His best result came from the USC Dornsife tracking poll (which has a somewhat unorthodox methodology) and registered a gigantic 12-point lead. Trump’s best poll came from Rasmussen, which invariably delivers Republican-leaning results and still showed Biden up 1 point.
All in all, the RealClearPolitics unweighted national average shows Biden up 7.8 points. Crucially, in that average, Biden is over 50 percent — so even if every single undecided voter and third-party supporter decided to flock to Trump in a desperate pro-malarkey surge, Biden would still have the lead.
Remarkably, throughout the entire campaign there’s been essentially no shot of Trump actually winning more votes than his opponent, and that continues to be true on the eve of the election. But it’s the states that matter, and in the states, the race is closer.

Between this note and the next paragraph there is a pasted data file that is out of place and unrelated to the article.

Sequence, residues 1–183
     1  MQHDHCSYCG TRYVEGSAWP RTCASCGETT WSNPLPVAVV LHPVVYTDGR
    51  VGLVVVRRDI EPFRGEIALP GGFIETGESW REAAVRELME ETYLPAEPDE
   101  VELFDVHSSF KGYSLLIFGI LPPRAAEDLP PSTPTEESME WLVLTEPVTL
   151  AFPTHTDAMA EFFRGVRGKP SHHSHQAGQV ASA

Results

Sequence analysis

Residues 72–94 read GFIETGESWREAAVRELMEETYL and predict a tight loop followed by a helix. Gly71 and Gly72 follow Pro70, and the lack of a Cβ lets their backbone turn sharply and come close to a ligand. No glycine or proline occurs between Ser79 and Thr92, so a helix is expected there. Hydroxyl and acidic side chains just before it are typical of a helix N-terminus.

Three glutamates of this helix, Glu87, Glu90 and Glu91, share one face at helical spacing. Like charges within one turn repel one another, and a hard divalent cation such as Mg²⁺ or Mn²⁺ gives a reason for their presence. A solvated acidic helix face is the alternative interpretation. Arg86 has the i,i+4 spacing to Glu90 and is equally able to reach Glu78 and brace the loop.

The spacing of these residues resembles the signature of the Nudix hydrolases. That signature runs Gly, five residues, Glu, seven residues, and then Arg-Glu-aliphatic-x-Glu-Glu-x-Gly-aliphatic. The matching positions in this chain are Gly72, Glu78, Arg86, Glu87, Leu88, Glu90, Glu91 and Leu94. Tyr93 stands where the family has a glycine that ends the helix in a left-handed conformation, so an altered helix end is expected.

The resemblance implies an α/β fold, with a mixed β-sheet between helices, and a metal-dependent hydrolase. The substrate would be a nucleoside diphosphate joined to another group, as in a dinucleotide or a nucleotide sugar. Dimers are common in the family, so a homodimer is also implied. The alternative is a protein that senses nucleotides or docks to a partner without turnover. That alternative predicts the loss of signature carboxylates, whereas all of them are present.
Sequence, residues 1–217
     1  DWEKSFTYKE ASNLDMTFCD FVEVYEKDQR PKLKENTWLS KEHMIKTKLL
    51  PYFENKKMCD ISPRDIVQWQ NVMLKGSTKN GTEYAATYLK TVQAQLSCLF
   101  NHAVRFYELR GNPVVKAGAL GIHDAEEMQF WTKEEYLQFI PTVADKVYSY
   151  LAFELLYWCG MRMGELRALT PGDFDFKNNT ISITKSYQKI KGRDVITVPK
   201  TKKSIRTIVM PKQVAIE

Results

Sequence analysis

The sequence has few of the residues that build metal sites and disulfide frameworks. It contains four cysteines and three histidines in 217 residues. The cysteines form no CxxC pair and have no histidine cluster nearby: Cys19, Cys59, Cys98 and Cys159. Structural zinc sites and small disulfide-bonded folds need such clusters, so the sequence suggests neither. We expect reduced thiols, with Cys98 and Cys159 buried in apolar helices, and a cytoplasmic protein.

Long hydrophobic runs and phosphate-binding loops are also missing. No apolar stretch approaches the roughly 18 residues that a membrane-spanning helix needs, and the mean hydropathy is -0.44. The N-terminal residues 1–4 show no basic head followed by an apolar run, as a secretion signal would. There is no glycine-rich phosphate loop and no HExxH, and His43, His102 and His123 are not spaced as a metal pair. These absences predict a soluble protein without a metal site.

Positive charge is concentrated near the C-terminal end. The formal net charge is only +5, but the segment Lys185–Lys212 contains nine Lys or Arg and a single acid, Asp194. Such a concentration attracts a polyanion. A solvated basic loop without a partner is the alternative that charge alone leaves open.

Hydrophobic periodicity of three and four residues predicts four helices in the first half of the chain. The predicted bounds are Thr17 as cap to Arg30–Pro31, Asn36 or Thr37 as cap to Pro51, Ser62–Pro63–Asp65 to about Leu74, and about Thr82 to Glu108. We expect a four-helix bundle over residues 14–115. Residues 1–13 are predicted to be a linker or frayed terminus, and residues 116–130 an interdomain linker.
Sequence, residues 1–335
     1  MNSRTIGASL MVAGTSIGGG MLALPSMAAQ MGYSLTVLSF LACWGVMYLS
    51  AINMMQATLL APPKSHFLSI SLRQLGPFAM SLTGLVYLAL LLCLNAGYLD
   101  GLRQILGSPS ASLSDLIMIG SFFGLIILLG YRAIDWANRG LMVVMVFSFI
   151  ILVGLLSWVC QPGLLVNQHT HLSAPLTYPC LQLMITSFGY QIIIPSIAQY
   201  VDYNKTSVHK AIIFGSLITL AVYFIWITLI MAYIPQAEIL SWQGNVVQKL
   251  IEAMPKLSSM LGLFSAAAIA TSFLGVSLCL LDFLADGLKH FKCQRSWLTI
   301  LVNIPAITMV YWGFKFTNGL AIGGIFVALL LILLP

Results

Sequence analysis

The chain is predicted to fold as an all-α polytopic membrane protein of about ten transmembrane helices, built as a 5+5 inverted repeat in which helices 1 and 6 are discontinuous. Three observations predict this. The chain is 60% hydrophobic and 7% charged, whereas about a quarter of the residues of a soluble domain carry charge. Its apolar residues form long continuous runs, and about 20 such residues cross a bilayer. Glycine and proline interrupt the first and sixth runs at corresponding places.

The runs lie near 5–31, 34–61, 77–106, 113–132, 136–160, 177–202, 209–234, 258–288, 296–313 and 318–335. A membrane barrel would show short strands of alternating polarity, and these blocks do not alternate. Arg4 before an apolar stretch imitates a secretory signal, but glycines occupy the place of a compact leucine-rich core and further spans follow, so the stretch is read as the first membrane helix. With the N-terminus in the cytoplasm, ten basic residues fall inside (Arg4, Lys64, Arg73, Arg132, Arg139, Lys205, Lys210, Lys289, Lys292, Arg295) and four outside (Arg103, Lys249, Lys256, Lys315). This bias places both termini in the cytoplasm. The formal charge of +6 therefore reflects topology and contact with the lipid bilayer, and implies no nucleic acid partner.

Biden has a healthy lead in Pennsylvania
The most likely “tipping point” state — the one that could be decisive if the election is close — is Pennsylvania. And the polling averages there are closer.
RealClearPolitics says Biden is up by 4.3 points, which is a healthy lead, but polling errors of that scale happen. The final RCP average for Pennsylvania in 2016, however, had Clinton up by 1.9 points. Trump won by 0.7 points, for a total polling error of 2.6 points. (FiveThirtyEight’s weighted polling average currently puts Biden up by 5.2 points.)
In other words, if you think that pollsters have done nothing at all to fix the methodological problems that plagued swing state polling four years ago and that an error of the same magnitude will recur, then Biden would still win Pennsylvania and thus almost certainly win the election.
Then there are a bunch of other states where Biden has a lead, but generally a smaller one.
Biden has smaller leads in the other battlegrounds
By the numbers, Biden unquestionably does not “need” to win Pennsylvania.